Proc. SPIE. 8916, Sixth International Symposium on Precision Mechanical Measurements
KEYWORDS: Atomic force microscopy, Edge detection, Charge-coupled devices, Control systems, Calibration, 3D metrology, Quartz, Detection and tracking algorithms, Atomic force microscope, Optical resolution
Atomic force microscope (AFM) with dual probes that operate together can measure both side walls excellently at the same time, which virtually eliminates the prevalent effect of probe width that contributes a large component of uncertainty in measurement results and finally obtains the critical dimension (CD)(e.g. the linewidth) through data synthesis. In calibration process, the dual probes must contact each other in advance, which realizes the alignment in the three dimensions, to establish a zero reference point and ensure the accuracy of measurement. Because nowadays the optical resolution of advanced lens have exceeded micrometer range, and the size of probes is within micro level, it is possible to acquire dual probes images in both horizontal and vertical directions, through which the movement of the probes can be controlled in time. In order to further enhance the alignment precision, sub-pixel edge detection method based on Zernike orthogonal moment is used to obtain relative position between these two probes, which helps the tips alignment attains sub-micron range. Piezoelectric nanopositioning stages calibrated by laser interferometer are used to implement fine movement of the probes to verify the accuracy of the experimental results. To simplify the system, novel self-sensing and self-actuating probe based on a quartz tuning fork combined with a micromachined cantilever is used for dynamic mode AFM. In this case, an external optical detection system is not needed, so the system is simple and small.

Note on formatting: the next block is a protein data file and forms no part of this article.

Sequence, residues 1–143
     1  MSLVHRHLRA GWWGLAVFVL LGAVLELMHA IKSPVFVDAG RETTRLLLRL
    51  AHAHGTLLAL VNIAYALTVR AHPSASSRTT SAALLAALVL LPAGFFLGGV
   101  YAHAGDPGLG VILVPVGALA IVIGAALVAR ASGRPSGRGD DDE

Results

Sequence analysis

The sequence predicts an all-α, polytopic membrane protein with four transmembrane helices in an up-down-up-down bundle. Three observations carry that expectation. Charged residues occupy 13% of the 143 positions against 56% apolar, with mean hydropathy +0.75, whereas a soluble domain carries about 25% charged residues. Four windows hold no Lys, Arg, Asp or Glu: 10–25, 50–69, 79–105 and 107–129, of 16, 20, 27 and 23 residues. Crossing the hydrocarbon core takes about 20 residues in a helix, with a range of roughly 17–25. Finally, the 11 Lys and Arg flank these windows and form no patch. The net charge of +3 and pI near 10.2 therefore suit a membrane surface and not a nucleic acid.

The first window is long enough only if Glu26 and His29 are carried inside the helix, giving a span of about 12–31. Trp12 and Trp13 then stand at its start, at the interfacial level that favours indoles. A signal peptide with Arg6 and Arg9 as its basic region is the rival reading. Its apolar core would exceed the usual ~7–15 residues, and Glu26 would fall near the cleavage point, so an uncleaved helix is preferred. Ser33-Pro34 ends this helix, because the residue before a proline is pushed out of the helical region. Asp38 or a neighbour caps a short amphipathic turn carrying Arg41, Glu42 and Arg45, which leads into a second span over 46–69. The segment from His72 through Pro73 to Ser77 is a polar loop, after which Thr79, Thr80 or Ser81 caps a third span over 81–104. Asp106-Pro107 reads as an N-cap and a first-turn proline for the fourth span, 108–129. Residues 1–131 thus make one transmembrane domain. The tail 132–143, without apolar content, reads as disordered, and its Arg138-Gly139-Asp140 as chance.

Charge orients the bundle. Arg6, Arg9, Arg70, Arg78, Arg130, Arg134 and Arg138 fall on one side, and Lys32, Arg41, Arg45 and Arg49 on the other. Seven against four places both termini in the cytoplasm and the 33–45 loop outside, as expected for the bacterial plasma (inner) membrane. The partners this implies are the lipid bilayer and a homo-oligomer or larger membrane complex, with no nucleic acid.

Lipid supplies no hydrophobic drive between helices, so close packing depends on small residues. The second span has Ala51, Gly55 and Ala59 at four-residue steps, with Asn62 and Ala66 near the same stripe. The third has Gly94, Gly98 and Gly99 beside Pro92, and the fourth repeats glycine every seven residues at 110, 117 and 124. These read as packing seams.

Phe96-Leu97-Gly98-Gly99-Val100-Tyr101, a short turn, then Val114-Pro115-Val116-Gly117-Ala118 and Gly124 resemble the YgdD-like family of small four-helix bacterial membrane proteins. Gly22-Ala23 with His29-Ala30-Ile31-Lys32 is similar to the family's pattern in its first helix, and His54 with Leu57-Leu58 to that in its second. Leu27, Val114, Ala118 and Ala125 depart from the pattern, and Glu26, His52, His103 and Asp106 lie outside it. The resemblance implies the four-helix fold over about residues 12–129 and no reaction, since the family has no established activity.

Atomic force microscope is one of indispensable measurement tools in nano/micronano precision manufacture and critical dimension measurement. To expand its industry application, a novel head and system are newly designed combined with Nanosensors cooperation’s patented probe — Akiyama probe, which is a self-sensing probe. The modal analysis and resonance frequency are obtained by finite element(FE) simulations. Using the Locked-in amplifier, the effective and available signal can be abtained. Through the experiment analysis, the retracting and extending curve reflects the tip and sample interaction. Furthermore, the measurement on the calibrated position system demonstrates that the whole system resolution can reach the nanometer scale.